Finally, he pulled out the “everyone else does it” defense, pointing out that the exalted Michelangelo had painted Christ, the Virgin Mary, St. Peter and other religious figures in the nude in the Pope’s Chapel in Rome. “We painters use the same license as poets and madmen,” Veronese explained to the inquisitors, pleading his case for leniency. “I had not thought that I was doing wrong.”

The Aftermath of the Trial

After his grilling before the tribunal, Veronese was ordered to “correct” the painting within three months. Specifically, the Magdalene was to be painted in place of the dog, and the offending “drunken Germans” were to be blotted out entirely. On this condition, Veronese was set free, much to his great relief.

As meek and frightened as the painter had been while facing the inquisitors, once he was released he took a rather cavalier attitude toward their judgment. The news of his trial made his work more popular and sought-after than ever, and Veronese took up his brush with zeal in order to keep up with the new commissions. But he never took his brush to the notorious Last Supper, leaving dog, dwarfs, and drunken Germans just as he had originally painted them. His only sop to the Inquisition was changing the work’s title from The Last Supper to The Feast in the House of Levi. It is under this title that the famed heretical canvas can still be seen today, at the Galleria della Academia in Venice.

Veronese, the passive-aggressive badass.
Veronese, passive-aggressive badass.

Sources:
Janson, H.W. (2001). History of Art. Abrams Books. ISBN: 0130197327.
MacFall, Haldane (1911). A History of Painting. D. D. Nickerson and Company. ASIN: B000YFTXCW.

Inquisitions of the Middle Ages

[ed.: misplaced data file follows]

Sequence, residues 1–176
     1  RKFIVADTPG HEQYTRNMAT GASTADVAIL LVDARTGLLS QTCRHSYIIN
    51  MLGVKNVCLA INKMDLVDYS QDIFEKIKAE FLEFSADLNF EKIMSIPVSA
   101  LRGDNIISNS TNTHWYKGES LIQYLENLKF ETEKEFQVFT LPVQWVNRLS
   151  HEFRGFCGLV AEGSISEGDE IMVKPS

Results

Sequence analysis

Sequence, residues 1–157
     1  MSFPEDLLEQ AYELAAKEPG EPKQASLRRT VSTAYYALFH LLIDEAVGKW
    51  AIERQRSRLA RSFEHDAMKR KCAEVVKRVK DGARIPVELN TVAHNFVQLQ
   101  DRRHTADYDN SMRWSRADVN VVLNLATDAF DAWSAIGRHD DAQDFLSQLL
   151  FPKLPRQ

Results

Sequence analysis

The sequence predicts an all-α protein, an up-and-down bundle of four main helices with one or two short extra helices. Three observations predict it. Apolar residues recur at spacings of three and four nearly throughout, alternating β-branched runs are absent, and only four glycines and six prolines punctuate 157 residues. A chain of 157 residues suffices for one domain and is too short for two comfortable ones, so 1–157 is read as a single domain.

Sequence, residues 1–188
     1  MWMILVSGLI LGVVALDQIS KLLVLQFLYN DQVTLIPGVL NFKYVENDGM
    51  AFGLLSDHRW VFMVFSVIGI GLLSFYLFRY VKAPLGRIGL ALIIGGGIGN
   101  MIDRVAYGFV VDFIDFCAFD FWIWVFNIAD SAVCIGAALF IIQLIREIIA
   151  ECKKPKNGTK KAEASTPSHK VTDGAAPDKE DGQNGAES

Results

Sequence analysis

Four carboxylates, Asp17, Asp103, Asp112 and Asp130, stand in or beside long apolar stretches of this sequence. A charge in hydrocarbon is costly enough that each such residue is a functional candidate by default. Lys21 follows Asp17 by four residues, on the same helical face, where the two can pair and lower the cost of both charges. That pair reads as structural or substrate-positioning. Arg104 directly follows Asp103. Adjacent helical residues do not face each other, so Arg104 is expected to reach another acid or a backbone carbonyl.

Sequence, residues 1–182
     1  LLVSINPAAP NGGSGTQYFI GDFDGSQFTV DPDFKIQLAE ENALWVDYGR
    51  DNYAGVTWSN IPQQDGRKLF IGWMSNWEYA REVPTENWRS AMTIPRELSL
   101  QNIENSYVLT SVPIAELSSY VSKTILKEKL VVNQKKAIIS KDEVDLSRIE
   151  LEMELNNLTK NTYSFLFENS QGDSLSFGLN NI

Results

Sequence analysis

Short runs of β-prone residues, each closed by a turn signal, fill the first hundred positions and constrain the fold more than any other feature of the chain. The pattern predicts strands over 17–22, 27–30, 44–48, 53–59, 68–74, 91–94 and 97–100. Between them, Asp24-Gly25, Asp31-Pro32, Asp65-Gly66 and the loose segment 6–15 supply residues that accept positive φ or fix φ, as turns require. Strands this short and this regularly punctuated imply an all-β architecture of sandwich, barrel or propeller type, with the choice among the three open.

For nearly six centuries, the Catholic Church operated a series of inquisitions for the purpose of wiping out heresy and witchcraft. The original article I wrote can be found here.

1024px-Inquisition

Though the Inquisition is generally thought of as as a single organization or series of events, there were, in fact, several inquisitions occurring throughout most of Europe during the Middle Ages. In practice, the Catholic Church operated the various inquisitions almost like a franchise, with inquisitors being sent to different areas to establish offices for the purpose of rooting out heresy, sorcery, and various other perceived wrongdoings. And while the public might have an idea of the Inquisition as a crackdown on witchcraft, the earliest manifestations targeted mainly other, supposedly heretical, branches of Christianity.

The Early Inquisitions

Though the Catholic Church had, before the 12th century, considered heresy a crime that could be punished with imprisonment, it wasn’t until roughly 1140 — with the spread of the heretical Christian sect called the Cathars — that the church began taking the threat more seriously. The first of the so-called “Medieval Inquisitions” was established in 1184 by papal bull, and soon thereafter inquisitors were sent to parts of Italy and France to deal with new religious movements, including the Cathars, the Bogomils, and the Waldensians. While these were all Christian sects, their beliefs strayed from Catholic orthodoxy; the Cathars, for example, believed in both a good and evil God, and since the evil God had created the earth, everything material in the world was to be avoided as far as possible. Dominicans and Franciscans, who were generally also considered heretics because of their belief in the corruption of the Church, were not persecuted, and in fact were recruited by Pope Innocent III into the cause of the inquisition. The Knights Templar, on the other hand, who had long been valued allies of the Catholic Church, were ruthlessly targeted, possibly due to political maneuvering by French king Philip the Fair, who wanted to get his hands on their vast wealth.